Just Above Sunset
August 7, 2005 - Novak Loses It













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While blithely snapping aerial photographs over Los Angeles Harbor from a the front seat of the Goodyear blimp, "Spirit if America," much was happening in the other real world on Thursday, August 4.  Robert Novak, the columnist who revealed the name of a CIA agent in a column and started a scandal that may sink the administration, or not, lost his temper, and, for now, his job at CNN.  The event happened as the blimp was over the Queen Mary in Long Beach harbor.

 

Drat.  Missed it.

Novak got upset on CNN's "Inside Politics" when James Carville interrupted him, then he muttered "I think that's bullshit" in Carville's general direction, and then he stalked off the set.  The video is here.

Kevin Drum at Washington Monthly is puzzled:

 

It beats me what happened. It seemed like just the usual banter between Novak and Carville, who have done this kind of thing about a thousand times before, so I don't know what set Novak off - although I understand that he's been under a lot of pressure lately over some controversy or other. Planegate? Something like that, anyway.

In any case… CNN says, "We've asked Mr. Novak to take some time off."

The world is a brighter place already.

 

Yeah, but what's up?

Tim Grieve here

 

Novak was reacting most immediately to James Carville, who interrupted him while he was talking about the electoral prospects of Katherine Harris. But is it just possible that he had something else on his mind? Before the segment began, CNN's Ed Henry told Novak that he would be asking him about the Plame case.

Update: In a telephone interview with the New York Times Thursday night, Carville explained his colleague's actions this way: "Bob's probably got a lot going on in his life."

 

Wonkette offers An on-going look at solving the mystery of Bob Novak's bullshit, but Amy Sullivan puts things in context:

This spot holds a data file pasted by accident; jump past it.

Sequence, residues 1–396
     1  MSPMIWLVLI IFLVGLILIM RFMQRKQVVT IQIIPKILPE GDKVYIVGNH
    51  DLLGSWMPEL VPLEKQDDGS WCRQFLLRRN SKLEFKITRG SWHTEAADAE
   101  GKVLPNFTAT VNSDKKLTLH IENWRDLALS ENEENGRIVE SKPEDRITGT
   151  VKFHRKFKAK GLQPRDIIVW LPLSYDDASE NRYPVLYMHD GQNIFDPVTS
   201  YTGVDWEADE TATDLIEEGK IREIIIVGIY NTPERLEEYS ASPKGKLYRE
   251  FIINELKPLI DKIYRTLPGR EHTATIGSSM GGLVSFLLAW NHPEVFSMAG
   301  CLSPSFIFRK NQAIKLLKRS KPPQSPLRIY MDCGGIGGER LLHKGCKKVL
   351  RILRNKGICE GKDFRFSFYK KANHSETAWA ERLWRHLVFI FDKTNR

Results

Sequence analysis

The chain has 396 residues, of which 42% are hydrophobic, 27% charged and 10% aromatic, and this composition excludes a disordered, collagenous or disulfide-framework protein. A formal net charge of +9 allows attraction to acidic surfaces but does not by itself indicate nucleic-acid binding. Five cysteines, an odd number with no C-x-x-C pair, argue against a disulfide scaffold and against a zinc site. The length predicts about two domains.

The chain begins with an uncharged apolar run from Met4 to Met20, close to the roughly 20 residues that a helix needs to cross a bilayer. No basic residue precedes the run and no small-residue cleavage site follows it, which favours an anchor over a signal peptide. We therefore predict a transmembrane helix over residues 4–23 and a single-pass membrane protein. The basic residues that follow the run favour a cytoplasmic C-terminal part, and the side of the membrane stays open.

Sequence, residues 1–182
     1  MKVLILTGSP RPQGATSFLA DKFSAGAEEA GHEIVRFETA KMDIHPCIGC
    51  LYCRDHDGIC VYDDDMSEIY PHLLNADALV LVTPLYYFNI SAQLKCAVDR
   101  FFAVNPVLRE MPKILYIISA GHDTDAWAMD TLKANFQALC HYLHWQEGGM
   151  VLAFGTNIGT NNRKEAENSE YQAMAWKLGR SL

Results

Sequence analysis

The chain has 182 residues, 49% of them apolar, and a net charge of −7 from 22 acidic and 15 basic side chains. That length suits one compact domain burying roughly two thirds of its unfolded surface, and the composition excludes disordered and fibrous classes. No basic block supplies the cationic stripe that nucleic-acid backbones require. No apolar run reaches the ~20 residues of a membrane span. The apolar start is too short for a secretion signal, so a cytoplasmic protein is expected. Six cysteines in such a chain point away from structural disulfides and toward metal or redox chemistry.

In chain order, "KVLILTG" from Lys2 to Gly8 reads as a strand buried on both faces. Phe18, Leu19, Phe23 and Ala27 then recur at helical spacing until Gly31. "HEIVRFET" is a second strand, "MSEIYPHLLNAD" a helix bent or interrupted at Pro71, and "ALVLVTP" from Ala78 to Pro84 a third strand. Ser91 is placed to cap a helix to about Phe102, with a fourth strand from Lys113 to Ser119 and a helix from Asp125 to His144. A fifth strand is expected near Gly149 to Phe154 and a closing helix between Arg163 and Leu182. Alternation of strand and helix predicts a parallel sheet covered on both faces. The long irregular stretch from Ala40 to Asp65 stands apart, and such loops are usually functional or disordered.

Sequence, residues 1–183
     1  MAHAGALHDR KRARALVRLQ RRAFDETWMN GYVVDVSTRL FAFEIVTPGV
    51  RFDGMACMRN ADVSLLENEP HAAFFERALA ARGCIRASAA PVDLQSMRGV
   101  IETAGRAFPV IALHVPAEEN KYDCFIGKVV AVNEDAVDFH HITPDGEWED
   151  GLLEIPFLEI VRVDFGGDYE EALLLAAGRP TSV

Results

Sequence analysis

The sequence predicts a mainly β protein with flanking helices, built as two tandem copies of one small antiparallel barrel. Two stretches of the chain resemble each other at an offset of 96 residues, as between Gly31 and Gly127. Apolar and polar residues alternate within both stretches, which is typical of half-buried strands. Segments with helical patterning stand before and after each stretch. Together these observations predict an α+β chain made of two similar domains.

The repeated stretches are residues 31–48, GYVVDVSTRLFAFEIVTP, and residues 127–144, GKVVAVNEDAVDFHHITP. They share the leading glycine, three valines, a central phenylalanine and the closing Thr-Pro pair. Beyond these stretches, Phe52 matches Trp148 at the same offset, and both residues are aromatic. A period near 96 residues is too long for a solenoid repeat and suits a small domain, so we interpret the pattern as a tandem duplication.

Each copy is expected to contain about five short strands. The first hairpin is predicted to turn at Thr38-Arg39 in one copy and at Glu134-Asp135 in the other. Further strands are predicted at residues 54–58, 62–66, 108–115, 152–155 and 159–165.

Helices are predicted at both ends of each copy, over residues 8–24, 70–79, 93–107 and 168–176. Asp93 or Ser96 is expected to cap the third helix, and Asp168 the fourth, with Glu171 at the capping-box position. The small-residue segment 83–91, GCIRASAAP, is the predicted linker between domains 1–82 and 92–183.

It's really impossible to overstate the extent to which Novak has been coddled and protected for decades by the perfect set-up. He answers to no one - not to an editor (his column is syndicated - if papers don't like it, all they can do is drop it), not to a producer (he executive-produced his own shows), and certainly not to fellow journalists who have, out of a misguided sense of collegiality and friendship, avoided asking him tough questions.

With very few exceptions, Novak has not only refused to answer questions about the Plame affair - he has threatened to immediately terminate any interview in which such questions are raised. That was the ground rule for my interview with him last fall, and I'm almost certain (although I could never get anyone at CNN to confirm it for me) that he threatened to walk off the set if anyone at the network asked him about Plame. The absurdity of that arrangement finally became too much for the network a few weeks ago, as the spotlight on this case heated up, and he has since grudgingly tolerated some queries on-air.

It's not just that Novak doesn't want to answer questions; what's clear is that he doesn't think he should have to. The comparison that keeps coming to my mind is with Jack Nicholson's Colonel Jessup in A Few Good Men. "You need me on that wall. You want me on that wall. And you can't handle it if I have to out a few CIA agents now and then."

My interview with Novak from our December 2004 issue, as well as an explanation of how he created his own ethics-free zone, and a theory about why the Washington press corps handles him with kid gloves can be found here.

 

And for press wonks, that's a good read.

But the immediate cause?  See Tim Grieve - What made Bob blow?  His methods were being questioned, or were about to be questioned. And he may have just been called back to testify before the grand jury.  He was testy.

And Friday he said he was sorry.

 

"I apologize for my conduct and I'm sorry I did it," Novak said in an interview with the Associated Press. There's no word on why he did it, but Novak insists that his tantrum had nothing to do with the fact that Ed Henry was about to ask him about the Valerie Plame case. "That had nothing to do with it, absolutely nothing," Novak said. "I was sorry he said that."

 

Yeah, well - whatever.

To put things in perspective, something from Rick, the News Guy in Atlanta –

 

My theory is that this Plame story - and, in fact, the whole story of us going to war - is being misconstrued in the so-called "media."

Based on what I've heard so far, here's how I personally imagine it goes. Tell me if you disagree.

Set the Wayback Machine to Francis Fukiama's "End of History" piece that argued that the collapse of European Communism meant we no longer had crusades worth engaging in. A group of neocons, led by William Kristol - and who were sitting around with nothing else to do during the Clinton administration - not unlike what the "March of Dimes" did after some idiot came up with a cure for polio - disagreed, and began their search for a new "cause," eventually ending up starting a group they called the "New American Century" that urged that the United States spread democracy around the world. After all, every US administration had been pandering to our Middle Eastern allies, none of whom allowed democracy within their borders, all of which eventually came back to bite us in the butt in terms of bad PR.